For most modern aircraft, flight is achieved through the use of internal combustion engines, those of which compress, mix, and ignite fuel-and-air mixtures to create the necessary thrust for lift generation and forward momentum. Once combustion is finished and the resulting exhaust gasses have been harnessed for power, they must be expelled from the engine to mitigate pressure and temperature build-up. Since exhaust gasses are extremely hot as a result of combustion, it is crucial that proper temperature monitoring is put in place to ensure that heat levels remain within safe ranges. Generally, this is done with the use of an exhaust gas temperature (EGT) gauge, that of which is a monitor that measures exhaust temperatures with the use of a thermocouple-type pyrometer.
The exhaust gas temperature gauges found in aircraft are similar to those found in automobiles, and they can allow a pilot to determine air-fuel ratio (AFR) values. Within light piston aircraft, EGT gauges are very important when manual mixture controls are present, allowing for an optimal fuel-air mixture to be set based on altitude and power conditions. Additionally, the gauge also allows pilots to prevent internal cylinder pressures from surpassing temperatures that would cause pre-detonation, an occurrence where fuel combusts prior to its intended time in a given cycle.
As stated before, exhaust gas temperature gauges may also be found in applications such as automobiles, more specifically being present within turbo-equipped cars that are to be tuned. Generally, the gauge is installed near the manifold collector that comes before the turbo, ensuring that the inlet temperature of the turbine can be monitored as required. If one wishes to monitor exhaust temperatures instead, they can simply place the sensor after the turbo. As exhaust gas temperatures often drop 200 to 300 degrees Fahrenheit across the turbine, many will place the thermocouple as close as possible to the cylinder head so that a true reading may be attained. This also makes readings respond to the engine’s condition in a more rapid fashion when compared to placing the gauge after the turbo.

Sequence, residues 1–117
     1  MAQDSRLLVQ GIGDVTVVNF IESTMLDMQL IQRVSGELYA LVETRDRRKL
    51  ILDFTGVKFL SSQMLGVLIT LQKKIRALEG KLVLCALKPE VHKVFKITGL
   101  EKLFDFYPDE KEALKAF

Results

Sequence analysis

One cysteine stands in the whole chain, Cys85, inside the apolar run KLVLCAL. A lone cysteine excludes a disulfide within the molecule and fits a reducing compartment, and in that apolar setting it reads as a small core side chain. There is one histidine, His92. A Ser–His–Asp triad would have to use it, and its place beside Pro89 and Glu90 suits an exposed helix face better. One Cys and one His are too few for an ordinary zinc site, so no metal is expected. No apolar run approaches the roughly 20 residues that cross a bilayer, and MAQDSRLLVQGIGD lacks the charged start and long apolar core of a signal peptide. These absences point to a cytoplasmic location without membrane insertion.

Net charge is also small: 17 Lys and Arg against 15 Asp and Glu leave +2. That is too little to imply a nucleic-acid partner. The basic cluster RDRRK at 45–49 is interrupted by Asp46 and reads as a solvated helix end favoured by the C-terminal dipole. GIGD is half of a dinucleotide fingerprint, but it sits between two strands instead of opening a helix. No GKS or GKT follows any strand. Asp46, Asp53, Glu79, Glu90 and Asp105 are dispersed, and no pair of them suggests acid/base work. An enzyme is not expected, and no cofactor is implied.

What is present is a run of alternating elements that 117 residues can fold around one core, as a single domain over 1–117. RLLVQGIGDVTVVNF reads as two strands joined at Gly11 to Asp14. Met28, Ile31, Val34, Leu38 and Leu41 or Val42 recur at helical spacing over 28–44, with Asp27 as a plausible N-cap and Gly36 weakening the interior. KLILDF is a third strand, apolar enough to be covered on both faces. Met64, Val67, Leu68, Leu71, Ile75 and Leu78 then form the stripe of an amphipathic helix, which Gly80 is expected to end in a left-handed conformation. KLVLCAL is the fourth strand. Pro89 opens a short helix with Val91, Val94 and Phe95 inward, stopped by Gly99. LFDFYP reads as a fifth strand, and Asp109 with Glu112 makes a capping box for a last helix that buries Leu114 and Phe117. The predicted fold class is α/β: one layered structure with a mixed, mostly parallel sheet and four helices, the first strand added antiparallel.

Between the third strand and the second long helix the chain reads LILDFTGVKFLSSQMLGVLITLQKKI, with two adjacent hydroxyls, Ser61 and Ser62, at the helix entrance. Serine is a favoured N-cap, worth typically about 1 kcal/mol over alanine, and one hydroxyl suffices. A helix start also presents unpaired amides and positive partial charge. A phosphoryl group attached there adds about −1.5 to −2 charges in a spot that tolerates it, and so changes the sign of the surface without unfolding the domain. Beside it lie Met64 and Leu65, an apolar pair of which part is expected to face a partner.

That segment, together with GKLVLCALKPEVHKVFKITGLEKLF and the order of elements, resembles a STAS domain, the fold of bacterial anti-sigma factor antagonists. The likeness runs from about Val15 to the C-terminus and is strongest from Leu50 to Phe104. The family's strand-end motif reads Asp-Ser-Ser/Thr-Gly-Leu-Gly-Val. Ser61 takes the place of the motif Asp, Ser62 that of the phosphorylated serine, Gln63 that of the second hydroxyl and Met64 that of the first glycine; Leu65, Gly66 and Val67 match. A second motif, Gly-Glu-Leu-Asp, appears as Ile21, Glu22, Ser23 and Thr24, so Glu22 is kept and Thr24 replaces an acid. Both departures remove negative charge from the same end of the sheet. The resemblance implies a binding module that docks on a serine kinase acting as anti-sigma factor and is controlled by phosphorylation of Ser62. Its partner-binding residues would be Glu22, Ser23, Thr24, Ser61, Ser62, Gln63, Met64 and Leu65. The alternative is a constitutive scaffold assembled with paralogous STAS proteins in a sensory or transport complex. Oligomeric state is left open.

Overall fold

When measurements are made by the exhaust gas temperature gauge, they will be provided to the pilot in the cockpit. If the cockpit is a more traditional setup, the EGT gauge will come in the form of an analog dial with either one or two sets of hash marks. In some instances, one set of hashes will be for the EGT, while the other may be for the tachometer that measures RPM. In the instance of glass cockpits, the gauge readings will be presented in a digital fashion on one of the displays situated around the pilot. As having a general awareness of EGT conditions is paramount to optimal flight and hazard avoidance, it is crucial that one is aware of where they can obtain readings, as well as how to understand them. Additionally, if your gauge begins to falter and requires a replacement or repair, do not hesitate to reach out to us at Aircraft Parts Supplier to receive competitive pricing and rapid lead times on all that we offer.
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